How to see ghostly ‘Da Vinci glow’ illuminate the crescent moon this week

Jamie Carter.

Twice-reflected sunlight subtly illuminates the dark limb of the crescent moon just before and after the new moon in a phenomenon called Earthshine, or ‘Da Vinci glow’.

A phenomenon called ‘Da Vinci glow’ will be visible on the dark limbs of the moon on successive days this week and again next weekend.

Da Vinci glow by NASA
‘Da Vinci glow’ on the moon as seen from the International Space Station in July 2011. (Image credit: NASA/Johnson Space Center)

The subtle light — also known as “Earthshine” — is sunlight reflected first by Earth onto the lunar surface, then again into the eyes of the viewer. The effect is a faint, ghostly glow on the shadowed part of the moon’s Earth-facing side.

It’s only possible to see Da Vinci glow when a slim crescent moon is visible close to the horizon during both the last few days and the first few days of the moon’s orbit of Earth, which happens this week.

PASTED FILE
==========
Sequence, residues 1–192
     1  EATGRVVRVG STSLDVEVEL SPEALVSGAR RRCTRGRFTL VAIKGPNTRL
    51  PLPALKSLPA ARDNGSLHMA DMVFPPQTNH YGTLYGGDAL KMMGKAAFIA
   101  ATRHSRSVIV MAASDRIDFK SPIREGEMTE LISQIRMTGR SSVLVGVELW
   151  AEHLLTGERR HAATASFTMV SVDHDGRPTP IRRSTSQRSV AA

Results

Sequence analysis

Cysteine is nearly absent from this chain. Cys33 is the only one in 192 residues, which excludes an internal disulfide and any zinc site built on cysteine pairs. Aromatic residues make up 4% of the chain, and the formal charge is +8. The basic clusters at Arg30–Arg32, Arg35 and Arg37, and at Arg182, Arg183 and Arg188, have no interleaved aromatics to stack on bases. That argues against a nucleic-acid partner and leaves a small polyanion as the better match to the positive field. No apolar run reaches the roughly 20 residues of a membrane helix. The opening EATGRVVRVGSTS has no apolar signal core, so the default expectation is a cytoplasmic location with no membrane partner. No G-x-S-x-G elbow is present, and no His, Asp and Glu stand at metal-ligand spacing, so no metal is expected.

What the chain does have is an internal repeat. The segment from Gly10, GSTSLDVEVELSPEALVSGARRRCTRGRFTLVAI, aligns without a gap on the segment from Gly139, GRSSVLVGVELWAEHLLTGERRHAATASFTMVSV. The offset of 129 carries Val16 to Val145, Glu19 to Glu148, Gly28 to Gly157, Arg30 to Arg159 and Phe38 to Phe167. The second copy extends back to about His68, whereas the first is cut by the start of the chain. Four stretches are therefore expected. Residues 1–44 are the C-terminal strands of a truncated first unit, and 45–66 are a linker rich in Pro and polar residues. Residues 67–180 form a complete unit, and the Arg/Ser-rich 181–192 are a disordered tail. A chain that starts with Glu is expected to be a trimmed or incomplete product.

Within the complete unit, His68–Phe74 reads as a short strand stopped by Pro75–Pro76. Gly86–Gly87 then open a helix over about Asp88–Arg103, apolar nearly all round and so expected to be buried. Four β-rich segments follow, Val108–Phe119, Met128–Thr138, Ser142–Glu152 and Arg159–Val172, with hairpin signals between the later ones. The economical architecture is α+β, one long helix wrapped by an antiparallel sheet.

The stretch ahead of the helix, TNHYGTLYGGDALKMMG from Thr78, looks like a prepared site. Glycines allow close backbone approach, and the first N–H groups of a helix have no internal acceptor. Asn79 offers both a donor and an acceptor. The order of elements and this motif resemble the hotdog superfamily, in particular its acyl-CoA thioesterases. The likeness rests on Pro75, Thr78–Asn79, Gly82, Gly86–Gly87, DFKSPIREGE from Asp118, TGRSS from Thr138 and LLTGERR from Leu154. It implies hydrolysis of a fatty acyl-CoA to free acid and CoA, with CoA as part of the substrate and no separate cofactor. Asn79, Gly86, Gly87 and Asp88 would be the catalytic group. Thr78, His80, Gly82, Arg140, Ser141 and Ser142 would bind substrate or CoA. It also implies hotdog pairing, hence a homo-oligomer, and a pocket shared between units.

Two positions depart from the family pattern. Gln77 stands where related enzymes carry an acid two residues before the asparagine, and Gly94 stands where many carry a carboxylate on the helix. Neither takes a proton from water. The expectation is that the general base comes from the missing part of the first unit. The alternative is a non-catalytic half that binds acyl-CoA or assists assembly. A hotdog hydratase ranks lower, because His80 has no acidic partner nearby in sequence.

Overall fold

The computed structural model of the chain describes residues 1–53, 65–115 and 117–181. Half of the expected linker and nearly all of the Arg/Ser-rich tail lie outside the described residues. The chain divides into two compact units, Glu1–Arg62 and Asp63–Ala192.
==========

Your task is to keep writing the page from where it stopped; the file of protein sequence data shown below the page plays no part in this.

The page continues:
Da Vinci glow is named after Italian genius Leonardo da Vinci, who in the 15th century described the phenomenon as caused by sunlight being reflected by Earth’s oceans to illuminate the moon’s dark surface, according to NASA.

However, the primary causes of Da Vinci glow are actually clouds and sea ice, according to NASA.

‘Da Vinci glow’ is also sometimes called “moon glow” or “ashen glow” and, in folklore, either the “new moon in the old moon’s arms” (for a waning crescent moon) or the “old moon in the new moon’s arms” (for a waxing crescent moon), according to

There’s a new moon on Friday, May 19 — which can’t be seen because the moon is roughly between Earth and the sun and is lost in the latter’s glare. That also applies to the morning before and the evening after, when the old moon and new moon are generally too slim, dim, and too low in the sky to be seen without a telescope.